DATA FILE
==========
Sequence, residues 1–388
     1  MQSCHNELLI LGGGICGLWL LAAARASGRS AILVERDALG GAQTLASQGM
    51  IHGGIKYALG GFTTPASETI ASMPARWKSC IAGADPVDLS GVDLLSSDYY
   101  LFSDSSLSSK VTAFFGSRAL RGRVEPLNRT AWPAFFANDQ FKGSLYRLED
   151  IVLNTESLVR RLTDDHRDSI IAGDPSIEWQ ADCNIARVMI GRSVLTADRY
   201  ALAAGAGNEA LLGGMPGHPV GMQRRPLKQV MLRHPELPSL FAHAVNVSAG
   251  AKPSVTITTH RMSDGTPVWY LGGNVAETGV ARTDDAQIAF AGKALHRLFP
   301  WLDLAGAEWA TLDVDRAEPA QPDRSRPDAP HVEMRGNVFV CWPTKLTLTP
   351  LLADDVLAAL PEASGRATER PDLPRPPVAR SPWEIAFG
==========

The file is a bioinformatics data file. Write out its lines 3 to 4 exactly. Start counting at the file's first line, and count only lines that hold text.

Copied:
    51  IHGGIKYALG GFTTPASETI ASMPARWKSC IAGADPVDLS GVDLLSSDYY
   101  LFSDSSLSSK VTAFFGSRAL RGRVEPLNRT AWPAFFANDQ FKGSLYRLED